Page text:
Whether or not the president considers it necessary to declare a state of emergency against bandits and terrorists in order to end this national carnage, the country is already in an emergency. His onerous duty as president is to mobilise all security apparatuses and, in an undiscriminating manner, rather than selectively, deal with these enemies of the country. As this newspaper stated in a lead comment on security, Buhari “must disabuse the minds of Nigerians about stories making the rounds of a supposed Fulanisation and Islamisation agenda for the country. He should make clear and decisive statements about the calamitous end this development would lead. His statements, in the wake of sustained violence and unconscionable massacres, have been feeble, vague and misleading. While he has been quick to respond to perceived enemies of state with intimidating military might, he has not been able to match killer herdsmen and bandits with equal action.”

Furthermore, this government should enable the states to police their territories as they deem fit. This imperative is now urgent, no thanks to the lack of political will still being exhibited by both the Presidency and the National Assembly. As we had cause to state before now: “No one needs any convincing that the country is overdue for the establishment of state police and localised security management systems. All the trouble spots in the country began as escalated and mismanaged local crises. The time is ripe for the decentralisation of the Nigerian Police as well as the formal establishment of well-organised community security watches for pro-active security management of the land.”

Nigerians want to see government on top of the game. The only way to demonstrate this is for good news expressing defeat of Boko Haram, bandits, kidnappers. Nigerians want to see a president who has gone beyond mere routine bureaucratic process to commit himself to win this ongoing war. So far, his actions or lack of it have sold more fear and mistrust to Nigerians than understanding.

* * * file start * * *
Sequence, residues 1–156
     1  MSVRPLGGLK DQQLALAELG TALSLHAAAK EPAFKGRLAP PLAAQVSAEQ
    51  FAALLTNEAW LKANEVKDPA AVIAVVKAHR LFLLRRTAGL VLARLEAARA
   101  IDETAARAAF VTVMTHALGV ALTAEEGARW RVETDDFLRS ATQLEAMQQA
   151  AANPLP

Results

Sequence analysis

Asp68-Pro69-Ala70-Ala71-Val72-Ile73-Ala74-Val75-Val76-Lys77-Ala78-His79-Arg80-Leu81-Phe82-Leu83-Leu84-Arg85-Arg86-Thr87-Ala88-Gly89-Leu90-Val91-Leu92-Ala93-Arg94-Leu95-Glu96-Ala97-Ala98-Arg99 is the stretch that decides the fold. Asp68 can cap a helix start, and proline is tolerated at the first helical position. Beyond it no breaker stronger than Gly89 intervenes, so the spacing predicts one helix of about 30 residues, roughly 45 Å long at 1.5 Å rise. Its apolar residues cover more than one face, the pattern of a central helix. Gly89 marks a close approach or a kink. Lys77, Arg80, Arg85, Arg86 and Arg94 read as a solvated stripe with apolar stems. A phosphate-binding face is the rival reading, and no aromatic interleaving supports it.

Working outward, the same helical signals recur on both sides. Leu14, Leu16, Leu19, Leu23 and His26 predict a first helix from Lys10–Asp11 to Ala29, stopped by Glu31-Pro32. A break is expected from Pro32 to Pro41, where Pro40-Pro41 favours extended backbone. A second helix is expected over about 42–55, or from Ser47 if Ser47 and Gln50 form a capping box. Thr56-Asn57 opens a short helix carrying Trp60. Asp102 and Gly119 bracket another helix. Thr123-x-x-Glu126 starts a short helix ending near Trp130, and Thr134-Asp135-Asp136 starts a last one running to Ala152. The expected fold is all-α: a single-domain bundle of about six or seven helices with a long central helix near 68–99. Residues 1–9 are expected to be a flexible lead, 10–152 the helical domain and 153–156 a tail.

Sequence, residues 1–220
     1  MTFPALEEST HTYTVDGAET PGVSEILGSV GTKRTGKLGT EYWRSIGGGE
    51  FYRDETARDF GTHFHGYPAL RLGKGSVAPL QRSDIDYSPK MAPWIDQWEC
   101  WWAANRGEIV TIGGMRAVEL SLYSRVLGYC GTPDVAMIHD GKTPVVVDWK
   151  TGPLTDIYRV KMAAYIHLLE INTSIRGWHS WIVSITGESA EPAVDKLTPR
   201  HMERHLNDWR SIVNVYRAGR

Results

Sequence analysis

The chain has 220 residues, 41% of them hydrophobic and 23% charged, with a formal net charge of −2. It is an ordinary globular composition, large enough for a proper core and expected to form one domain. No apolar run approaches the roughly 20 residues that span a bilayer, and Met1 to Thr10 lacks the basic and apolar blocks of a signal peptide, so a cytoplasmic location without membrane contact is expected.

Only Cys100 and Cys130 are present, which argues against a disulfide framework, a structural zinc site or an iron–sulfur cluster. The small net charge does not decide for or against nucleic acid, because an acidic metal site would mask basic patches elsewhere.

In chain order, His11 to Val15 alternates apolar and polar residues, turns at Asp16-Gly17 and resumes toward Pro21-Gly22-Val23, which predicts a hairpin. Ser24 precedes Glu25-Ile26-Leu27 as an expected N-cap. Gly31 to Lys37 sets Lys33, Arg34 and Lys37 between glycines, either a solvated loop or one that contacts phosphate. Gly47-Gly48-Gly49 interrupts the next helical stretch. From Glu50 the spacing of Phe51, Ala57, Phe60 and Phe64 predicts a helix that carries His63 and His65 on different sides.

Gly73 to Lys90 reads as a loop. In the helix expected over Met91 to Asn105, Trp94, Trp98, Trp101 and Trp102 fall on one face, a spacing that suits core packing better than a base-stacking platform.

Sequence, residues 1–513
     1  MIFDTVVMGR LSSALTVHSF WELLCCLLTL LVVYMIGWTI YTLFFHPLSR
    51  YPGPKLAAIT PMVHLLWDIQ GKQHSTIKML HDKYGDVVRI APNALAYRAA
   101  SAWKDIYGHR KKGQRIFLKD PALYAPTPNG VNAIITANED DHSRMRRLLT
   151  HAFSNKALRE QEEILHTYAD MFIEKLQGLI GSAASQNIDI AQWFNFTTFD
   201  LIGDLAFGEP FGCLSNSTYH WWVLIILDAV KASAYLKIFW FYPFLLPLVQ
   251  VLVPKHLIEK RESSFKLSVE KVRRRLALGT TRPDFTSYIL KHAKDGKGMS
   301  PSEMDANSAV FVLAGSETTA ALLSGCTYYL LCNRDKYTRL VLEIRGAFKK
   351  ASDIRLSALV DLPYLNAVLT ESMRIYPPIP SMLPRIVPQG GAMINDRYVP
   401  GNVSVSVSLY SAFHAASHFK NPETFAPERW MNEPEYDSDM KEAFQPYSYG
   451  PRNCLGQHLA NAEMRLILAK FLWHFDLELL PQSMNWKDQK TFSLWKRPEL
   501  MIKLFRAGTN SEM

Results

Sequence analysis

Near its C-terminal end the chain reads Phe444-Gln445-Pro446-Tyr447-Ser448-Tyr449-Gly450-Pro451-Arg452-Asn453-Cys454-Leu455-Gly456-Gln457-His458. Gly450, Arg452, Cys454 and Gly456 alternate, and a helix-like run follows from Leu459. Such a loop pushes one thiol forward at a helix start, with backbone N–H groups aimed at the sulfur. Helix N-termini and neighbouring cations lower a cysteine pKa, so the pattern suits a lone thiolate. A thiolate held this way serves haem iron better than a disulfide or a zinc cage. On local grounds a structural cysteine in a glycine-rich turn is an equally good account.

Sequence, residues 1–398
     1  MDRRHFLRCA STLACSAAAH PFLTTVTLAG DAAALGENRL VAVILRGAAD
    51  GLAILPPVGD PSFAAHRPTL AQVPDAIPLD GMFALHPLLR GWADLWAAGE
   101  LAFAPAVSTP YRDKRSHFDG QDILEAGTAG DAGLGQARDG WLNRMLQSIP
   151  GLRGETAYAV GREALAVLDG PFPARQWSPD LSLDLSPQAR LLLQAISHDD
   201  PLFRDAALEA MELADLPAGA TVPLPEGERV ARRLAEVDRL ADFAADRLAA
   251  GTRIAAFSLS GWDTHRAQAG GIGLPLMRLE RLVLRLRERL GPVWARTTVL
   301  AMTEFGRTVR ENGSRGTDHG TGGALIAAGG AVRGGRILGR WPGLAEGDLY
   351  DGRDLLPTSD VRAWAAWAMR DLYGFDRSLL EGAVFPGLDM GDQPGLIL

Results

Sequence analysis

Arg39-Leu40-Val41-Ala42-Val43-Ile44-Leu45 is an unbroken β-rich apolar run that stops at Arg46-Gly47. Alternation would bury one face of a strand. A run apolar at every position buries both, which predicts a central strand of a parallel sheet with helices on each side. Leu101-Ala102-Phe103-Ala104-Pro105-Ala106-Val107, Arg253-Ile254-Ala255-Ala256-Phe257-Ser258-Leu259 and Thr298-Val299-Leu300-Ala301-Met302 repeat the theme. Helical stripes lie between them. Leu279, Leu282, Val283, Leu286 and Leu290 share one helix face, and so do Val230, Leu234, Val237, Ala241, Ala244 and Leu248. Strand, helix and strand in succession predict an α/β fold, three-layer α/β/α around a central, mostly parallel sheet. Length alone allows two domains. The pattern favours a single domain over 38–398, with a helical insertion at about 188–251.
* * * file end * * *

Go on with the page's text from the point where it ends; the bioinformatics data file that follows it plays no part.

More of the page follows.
It is worth recalling that beside inundating the country with heads of security agencies from the north, the president’s arbitrary actions in offering sizeable public funds to the Miyetti Allah Cattle Breeders Association of Nigeria; granting licence for the establishment of a Fulani Radio have only emboldened terrorists, bandits and kidnappers who negotiate ransom through phone calls that are not tracked. Inaction on the part of the president to seriously address insecurity has been stronger than any routine speech expressing commitment. The military has become a pathetic victim of this seeming official complicity.

However, assuming that the government lacks capacity, the president must sincerely seek help that he is belatedly doing. While Nigeria direly needs all the help it can muster, it should be under no illusion that any country, including the United States of America, will send her troops to the jungle that Nigeria has become amid a profound official lethargy. Thus, as commander-in-chief, Buhari must ensure collaboration in efforts to deal with the insurgents and bandits.

In all, the president must display sincerity of purpose to recover Nigeria. He is expected to demonstrate that he is not perfecting a well-crafted script against Nigerians and therefore bite the bullet in this war. If Buhari fails in this regard, he will be presiding over the violent disintegration of the country.